30 December 2007
I guess really it's been a typical Christmas break, after all.
Here's a few of my favourite photos from the last few days....
23 December 2007
I had Thursday and Friday off, and they were very nice days off indeed... did some last minute shopping, took a few photos, had lunch out both days, and generally relaxed and enjoyed myself.
Yesterday was a little more chaotic... we risked shopping in the eye of the storm (i.e. we braved Mayfair Mall at mid-day) but were able to find a parking spot near an entrance, get what we needed, and get out (after pointing and laughing at all the over-stressed parents in line at Toys-R-Us).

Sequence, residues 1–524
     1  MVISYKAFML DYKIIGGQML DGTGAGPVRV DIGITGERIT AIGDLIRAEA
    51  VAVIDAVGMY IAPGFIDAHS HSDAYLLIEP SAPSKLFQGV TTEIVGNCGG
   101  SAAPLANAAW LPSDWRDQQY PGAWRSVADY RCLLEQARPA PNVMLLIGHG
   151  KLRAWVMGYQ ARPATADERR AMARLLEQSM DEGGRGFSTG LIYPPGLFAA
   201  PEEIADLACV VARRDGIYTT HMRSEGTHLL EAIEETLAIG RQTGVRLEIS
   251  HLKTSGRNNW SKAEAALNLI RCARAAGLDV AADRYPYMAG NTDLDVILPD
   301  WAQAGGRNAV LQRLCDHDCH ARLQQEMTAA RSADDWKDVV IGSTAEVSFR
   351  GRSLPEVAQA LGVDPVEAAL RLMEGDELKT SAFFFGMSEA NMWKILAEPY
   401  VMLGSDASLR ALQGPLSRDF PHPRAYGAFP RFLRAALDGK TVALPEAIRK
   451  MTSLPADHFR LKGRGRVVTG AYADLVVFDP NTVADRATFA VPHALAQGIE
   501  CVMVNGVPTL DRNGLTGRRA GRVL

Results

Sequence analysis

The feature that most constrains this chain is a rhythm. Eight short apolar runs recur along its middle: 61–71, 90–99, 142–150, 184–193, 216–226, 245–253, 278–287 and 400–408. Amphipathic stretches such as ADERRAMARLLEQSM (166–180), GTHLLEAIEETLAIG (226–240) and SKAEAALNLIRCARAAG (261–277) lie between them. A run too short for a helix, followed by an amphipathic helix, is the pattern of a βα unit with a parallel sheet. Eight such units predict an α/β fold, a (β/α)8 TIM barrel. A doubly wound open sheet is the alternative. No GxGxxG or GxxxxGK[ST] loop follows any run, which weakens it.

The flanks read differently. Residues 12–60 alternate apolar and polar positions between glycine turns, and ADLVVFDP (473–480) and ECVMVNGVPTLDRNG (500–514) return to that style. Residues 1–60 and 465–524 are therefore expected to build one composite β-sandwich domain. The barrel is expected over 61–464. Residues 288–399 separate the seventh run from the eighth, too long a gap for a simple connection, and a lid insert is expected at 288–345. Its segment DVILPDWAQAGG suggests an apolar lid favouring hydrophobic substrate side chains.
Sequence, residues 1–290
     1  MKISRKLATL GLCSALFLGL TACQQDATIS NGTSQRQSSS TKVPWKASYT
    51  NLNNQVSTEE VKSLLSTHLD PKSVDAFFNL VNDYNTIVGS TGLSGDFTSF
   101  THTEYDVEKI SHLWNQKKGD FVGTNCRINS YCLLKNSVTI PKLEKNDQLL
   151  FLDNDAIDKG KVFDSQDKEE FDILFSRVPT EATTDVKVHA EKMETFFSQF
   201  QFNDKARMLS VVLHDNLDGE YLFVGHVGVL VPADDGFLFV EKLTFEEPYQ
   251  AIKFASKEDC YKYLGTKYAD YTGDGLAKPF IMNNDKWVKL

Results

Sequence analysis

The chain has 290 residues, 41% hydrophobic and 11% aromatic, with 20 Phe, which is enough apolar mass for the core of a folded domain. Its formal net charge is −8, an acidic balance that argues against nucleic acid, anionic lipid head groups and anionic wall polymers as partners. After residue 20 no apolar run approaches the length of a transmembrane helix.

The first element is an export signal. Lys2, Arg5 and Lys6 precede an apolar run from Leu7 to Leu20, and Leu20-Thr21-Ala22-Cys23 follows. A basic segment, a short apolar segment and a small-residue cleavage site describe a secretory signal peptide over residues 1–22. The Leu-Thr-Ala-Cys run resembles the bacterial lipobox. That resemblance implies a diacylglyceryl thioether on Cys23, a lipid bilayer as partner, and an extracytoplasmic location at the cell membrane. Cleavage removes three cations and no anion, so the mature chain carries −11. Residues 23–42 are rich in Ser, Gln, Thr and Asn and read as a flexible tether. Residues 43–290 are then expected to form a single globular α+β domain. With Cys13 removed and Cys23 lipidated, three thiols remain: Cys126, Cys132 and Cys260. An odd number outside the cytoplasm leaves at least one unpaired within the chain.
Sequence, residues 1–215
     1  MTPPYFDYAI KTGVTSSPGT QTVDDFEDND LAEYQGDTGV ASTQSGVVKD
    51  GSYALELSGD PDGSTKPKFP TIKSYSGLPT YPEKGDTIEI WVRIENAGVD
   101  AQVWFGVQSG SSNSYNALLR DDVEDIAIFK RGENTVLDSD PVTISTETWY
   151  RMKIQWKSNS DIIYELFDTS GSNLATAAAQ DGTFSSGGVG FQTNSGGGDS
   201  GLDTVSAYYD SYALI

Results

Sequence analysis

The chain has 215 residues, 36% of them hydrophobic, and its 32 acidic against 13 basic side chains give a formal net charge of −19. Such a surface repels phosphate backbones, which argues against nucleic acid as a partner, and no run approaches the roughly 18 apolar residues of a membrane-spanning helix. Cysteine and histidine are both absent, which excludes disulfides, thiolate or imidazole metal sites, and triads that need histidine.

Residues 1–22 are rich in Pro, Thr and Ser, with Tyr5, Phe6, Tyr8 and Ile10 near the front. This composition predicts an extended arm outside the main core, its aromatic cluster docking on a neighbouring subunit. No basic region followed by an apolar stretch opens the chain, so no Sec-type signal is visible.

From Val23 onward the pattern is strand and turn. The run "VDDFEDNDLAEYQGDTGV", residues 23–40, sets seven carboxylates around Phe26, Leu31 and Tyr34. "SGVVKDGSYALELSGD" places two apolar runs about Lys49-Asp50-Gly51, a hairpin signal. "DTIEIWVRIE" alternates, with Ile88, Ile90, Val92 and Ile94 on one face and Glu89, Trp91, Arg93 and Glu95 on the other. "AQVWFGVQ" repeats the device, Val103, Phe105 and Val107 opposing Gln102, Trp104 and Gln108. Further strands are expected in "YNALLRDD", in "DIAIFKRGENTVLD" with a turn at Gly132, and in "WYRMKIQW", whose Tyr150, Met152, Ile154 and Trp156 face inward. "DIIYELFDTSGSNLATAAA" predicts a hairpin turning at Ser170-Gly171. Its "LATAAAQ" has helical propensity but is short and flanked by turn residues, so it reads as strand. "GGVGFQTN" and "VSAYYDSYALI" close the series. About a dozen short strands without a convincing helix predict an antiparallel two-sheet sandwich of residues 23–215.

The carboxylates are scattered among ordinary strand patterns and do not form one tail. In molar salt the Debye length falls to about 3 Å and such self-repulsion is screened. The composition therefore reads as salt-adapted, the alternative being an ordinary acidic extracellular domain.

Today, despite sleeping in, I have been tired all day... and little things have added up to make today seem very, very long.
Tomorrow, we head for the mainland for a short visit then back for Christmas night. We have a ferry reservation to get there... but not back... so I am expecting a considerable wait at the terminal on Christmas Day. Sigh. I will have a book and some knitting handy.
21 December 2007
On top is tuna tataki -- sesame crusted and just barely seared then thinly sliced so that it is almost like sashimi. It was drizzled with hoisin sauce and served with pickled ginger and watercress. Next were two delicate ham and cheese biscuits, then a mixed green salad with a fruit vinigarette dressing and the soup of the day -- this was a tomato bisque. The "box lunch" was reasonably priced at $12.50. I also ordered a side of sauteed BC wild mushrooms ($5) which were equally delicious.